Archive for July, 2010

Consumer Scoring

08:00 30 Jul 2010

I’m not a big fan of shopping, and more or less loathe the idea of it as an entertainment activity. That didn’t stop me from coming up with a scoring system for it, one which could conceivably be useful in restraining spending.

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Consumer Serendipity

16:00 29 Jul 2010

Two weeks ago I wrote about having difficulties finding a wallet to match my somewhat specific requirements. Today, while looking for something else, I found one that matched almost perfectly—it’s like a cheap clone of my earlier wallet.

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Jet Lag and Exercise

23:45 27 Jul 2010. Updated: 08:46 01 Aug 2010

Usually going east is tough for me in terms of jet lag. This is related to my being a night owl—going east means it’s harder to get up in the morning and easier to stay up late, and I have enough issues with both those things already. This time it’s been a little easier, I think physical activity has a lot to do with that.

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The Internet, We Wants It

16:09 26 Jul 2010

Having had no internet here for two days, and with my phone lacking a data plan here, I’ve found myself more disturbed by the absence of internet access than perhaps I would have guessed.

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5 Weeks of the Paleo Diet

13:39 25 Jul 2010

I stayed on the diet for five weeks, a little longer than the challenge required. When I last was on the diet, in the run up to Sectionals, I cheated once per week, getting a burger with buns. This time I didn’t cheat, at least not knowingly. I derived more benefit from it this time around, although I didn’t start really feeling that until the last two weeks.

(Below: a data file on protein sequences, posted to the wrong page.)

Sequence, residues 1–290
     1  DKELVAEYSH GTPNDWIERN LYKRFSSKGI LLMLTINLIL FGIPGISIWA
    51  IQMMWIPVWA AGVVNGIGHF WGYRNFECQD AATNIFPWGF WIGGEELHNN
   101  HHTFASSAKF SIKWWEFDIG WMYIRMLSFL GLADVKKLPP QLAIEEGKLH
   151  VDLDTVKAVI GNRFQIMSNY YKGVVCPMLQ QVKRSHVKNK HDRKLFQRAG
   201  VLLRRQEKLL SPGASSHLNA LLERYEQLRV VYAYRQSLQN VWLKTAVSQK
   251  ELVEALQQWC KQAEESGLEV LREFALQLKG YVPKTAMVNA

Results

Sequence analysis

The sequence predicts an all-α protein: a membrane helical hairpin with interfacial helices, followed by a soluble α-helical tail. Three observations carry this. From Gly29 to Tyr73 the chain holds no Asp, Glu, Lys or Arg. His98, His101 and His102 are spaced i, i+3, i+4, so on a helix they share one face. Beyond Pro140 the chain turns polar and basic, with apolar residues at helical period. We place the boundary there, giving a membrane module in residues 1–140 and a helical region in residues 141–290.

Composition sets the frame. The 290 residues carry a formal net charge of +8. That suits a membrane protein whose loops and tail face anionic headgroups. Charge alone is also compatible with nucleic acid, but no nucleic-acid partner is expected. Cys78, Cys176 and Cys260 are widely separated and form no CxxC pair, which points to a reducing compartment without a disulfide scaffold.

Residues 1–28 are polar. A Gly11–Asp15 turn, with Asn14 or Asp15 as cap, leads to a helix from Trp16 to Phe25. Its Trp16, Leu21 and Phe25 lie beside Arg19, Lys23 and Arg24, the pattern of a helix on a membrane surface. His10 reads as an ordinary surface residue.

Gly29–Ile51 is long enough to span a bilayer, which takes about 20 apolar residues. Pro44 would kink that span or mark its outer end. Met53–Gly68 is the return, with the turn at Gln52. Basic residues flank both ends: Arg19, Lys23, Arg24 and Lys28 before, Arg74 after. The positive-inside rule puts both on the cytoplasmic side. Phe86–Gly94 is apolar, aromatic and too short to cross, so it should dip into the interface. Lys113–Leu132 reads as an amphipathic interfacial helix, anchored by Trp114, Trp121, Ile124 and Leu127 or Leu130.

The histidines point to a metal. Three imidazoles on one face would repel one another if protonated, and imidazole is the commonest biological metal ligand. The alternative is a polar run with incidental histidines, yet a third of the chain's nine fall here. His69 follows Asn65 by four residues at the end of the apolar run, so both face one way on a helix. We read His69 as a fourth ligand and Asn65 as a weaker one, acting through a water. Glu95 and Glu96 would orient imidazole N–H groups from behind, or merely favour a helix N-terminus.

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Friday Flash Game: pOnd

20:52 23 Jul 2010

pOnd: it’s certainly something different.

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An Eldritch Reading

23:19 22 Jul 2010

I generally don’t listen to podcasts much, but I just listened to the first ten minutes or so of “The Haunter of the Dark” on HPPodcraft.com and I’m really impressed by the quality. They’ve been going for quite some time, so there are plenty of podcasts beyond that one (although many are discussions rather than readings).

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Lifehacker Meditation Guide

23:16 20 Jul 2010

I haven’t tried it out, but this Lifehacker guide to meditation looks good. I’m interested in trying it, but have some resistance because I’ve never gotten anywhere with meditation in the past.

Entirely by coincidence (or at least that’s how it appears to me) the Deutsche Nepal track “The Hierophants of Light”, which I’ve never heard before, starting playing as I wrote this post (I bought the album it’s on, Deflagration of Hell, last night)—and it begins with this looped many times: “You shall hear nothing, you shall see nothing, you shall think nothing, you shall be nothing”.

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Intelligence Scores and Roleplaying Game Combat

21:35 19 Jul 2010

The intelligence characteristic in roleplaying games is problematic. The advantages it confers are often mechanical—more spells, more languages—and it’s hard to have it work for players in ways that the physical characteristics do. A player checking against their strength score to break something is fine, but a player checking against their intelligence score to solve a puzzle—or a plot point, something my players have contemplated trying—just isn’t. Even less fine is a player requesting combat action suggestions on the basis that their character’s high intelligence would mean that they’d come up with something clever.